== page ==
Emily, Henry’s first wife, and his daughter, Emily, traveled a great deal together. They would go on cruises, on lengthy train rides. They were quite close. Young Emily was still living at home in 1930, acording to the census, at age 20. Then on August 12, 1943, Henry’s wife, Emily, died.

Young Emily would go on to marry Louis Hunte and Henry Fenton would eventually turn his company over to his son-in-law. Louis Hunte and Emily had a son, Henry Fenton Hunte. Eventually, after Louis Hunte’s death in 1981, at the age of 76, Henry G. Fenton’s grandson, Henry F. Hunte, would take over the company, where he is still involved. Louise Hunte’s widow, Emily, would remarry in 1983 at the age of 73, to Joseph Black. She died in 1997, at the age of 87.

Sometime after Henry Fenton’s wife, Emily, died, he met and married Justina Burkhart Smith, a widow, whom he had met at the former Emerald Hills Country Club. Justina Elizabeth Burkhard Smith was born on 24 Jun 1908 in Zanesville, Ohio. Her husband, a dentist, had died and Justina moved to California.

Fenton was about 36 years older than Justina when they married. Indeed, Justina was only two years older than Fenton’s daughter, a fact which did not go unnoticed by the rest of the family. Prior to the marriage, Justina did not have much money. Suddenly, she was a multimillionaire.

In the 1940’s, the Fenton’s built what is now the Verger Dairy on Bandy Canyon Road. In 1944, at the age of 72, Fenton bought and restored his alma mater . .. the Old Adobe Schoolhouse. He had been a member of the “Class of 1886,” and, indeed, had helped make the adobe brick out of which the school house was built. Sadly, this school house was all but destroyed in the Witch Creek Fire, that also destroyed parts, but not all, of Bandy Ranch.

Though, at age 79, he died on August 25, 1951, at his beloved Bandy Canyon Ranch, Fenton’s company continued to grow. By 1982, the Fenton Company had formed a real estate division, focusing on commercial property and, in 1998, began acquiring multifamily residential properties. The company, with 119 employees, now owns and manages a commercial real estate portfolio totaling 3 million square feet of industrial/office space, and a residential portfolio covering 11 apartment communities with more than 2,800 units.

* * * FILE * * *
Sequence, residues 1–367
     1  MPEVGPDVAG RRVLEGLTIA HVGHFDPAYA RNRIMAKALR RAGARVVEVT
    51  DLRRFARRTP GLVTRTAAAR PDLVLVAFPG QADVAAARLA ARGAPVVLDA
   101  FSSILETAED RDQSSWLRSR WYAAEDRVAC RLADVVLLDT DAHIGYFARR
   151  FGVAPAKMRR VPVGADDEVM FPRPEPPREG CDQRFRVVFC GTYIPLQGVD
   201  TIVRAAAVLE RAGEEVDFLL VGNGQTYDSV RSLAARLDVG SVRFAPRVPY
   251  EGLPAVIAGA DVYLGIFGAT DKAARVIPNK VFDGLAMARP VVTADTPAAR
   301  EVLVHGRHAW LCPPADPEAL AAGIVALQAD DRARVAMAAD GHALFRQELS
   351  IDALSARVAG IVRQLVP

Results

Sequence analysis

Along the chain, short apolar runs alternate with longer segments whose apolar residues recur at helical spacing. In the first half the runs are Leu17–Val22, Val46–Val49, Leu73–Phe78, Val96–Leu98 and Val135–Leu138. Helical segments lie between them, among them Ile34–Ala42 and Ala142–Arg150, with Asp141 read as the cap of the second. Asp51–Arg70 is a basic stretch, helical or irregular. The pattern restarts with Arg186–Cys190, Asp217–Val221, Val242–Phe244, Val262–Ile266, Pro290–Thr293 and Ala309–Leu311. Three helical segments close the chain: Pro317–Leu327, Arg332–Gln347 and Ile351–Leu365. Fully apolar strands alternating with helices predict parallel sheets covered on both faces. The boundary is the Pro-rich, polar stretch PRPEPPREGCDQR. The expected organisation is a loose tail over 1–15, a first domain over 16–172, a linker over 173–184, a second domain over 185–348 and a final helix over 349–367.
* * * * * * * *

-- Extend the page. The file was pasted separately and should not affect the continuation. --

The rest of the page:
One of the Bandy Ranch cottages that escaped the Witche Creek Fire

When Fenton died, the ranch consisted of about 3600 acres. After Fenton died, his widow, Justina Elizabeth Burkhard Smith Fenton, continued to own, operate the ranch and supervise the estate. She was very active in many charitable and philanthropic causes. (While her given name was Justina, most folks who knew her called her Justine).

In 1952 Justina, at the age of 44, sold approximately 3,300 acres to the city of San Diego for $1 million. That deal secured valuable water rights in the San Pasqual Valley. Much of that acreage today contains the San Diego Wild Animal Park. For some time the Bandy Ranch was rented out for group celebrations such as corporate events, charity functions, and the like. In addition to her well known social functions, however, Justina was also known to be a hard worker and could often be found pulling weeds and gardening. In her later years she would live in Point Loma but at least once a week, usually on Wednesdays, she would journey back up to the Bandy Canyon Ranch.